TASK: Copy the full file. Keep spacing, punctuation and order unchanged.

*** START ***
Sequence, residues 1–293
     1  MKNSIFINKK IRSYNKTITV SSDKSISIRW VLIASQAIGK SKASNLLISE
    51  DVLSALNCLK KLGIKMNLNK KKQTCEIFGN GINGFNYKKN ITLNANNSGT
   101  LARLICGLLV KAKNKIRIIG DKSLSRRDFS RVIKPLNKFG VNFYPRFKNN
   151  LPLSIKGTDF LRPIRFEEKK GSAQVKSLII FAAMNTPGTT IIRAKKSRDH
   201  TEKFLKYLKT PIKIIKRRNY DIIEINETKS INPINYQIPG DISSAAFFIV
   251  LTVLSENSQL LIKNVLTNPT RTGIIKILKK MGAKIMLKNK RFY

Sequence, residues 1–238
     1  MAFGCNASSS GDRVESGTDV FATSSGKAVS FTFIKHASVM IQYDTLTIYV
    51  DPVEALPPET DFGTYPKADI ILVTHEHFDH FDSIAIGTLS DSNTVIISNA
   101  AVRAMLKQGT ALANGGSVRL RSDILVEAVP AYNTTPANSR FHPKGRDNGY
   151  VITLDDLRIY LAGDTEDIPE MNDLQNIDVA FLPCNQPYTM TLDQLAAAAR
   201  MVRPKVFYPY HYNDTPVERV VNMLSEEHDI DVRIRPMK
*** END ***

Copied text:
Sequence, residues 1–293
     1  MKNSIFINKK IRSYNKTITV SSDKSISIRW VLIASQAIGK SKASNLLISE
    51  DVLSALNCLK KLGIKMNLNK KKQTCEIFGN GINGFNYKKN ITLNANNSGT
   101  LARLICGLLV KAKNKIRIIG DKSLSRRDFS RVIKPLNKFG VNFYPRFKNN
   151  LPLSIKGTDF LRPIRFEEKK GSAQVKSLII FAAMNTPGTT IIRAKKSRDH
   201  TEKFLKYLKT PIKIIKRRNY DIIEINETKS INPINYQIPG DISSAAFFIV
   251  LTVLSENSQL LIKNVLTNPT RTGIIKILKK MGAKIMLKNK RFY

Sequence, residues 1–238
     1  MAFGCNASSS GDRVESGTDV FATSSGKAVS FTFIKHASVM IQYDTLTIYV
    51  DPVEALPPET DFGTYPKADI ILVTHEHFDH FDSIAIGTLS DSNTVIISNA
   101  AVRAMLKQGT ALANGGSVRL RSDILVEAVP AYNTTPANSR FHPKGRDNGY
   151  VITLDDLRIY LAGDTEDIPE MNDLQNIDVA FLPCNQPYTM TLDQLAAAAR
   201  MVRPKVFYPY HYNDTPVERV VNMLSEEHDI DVRIRPMK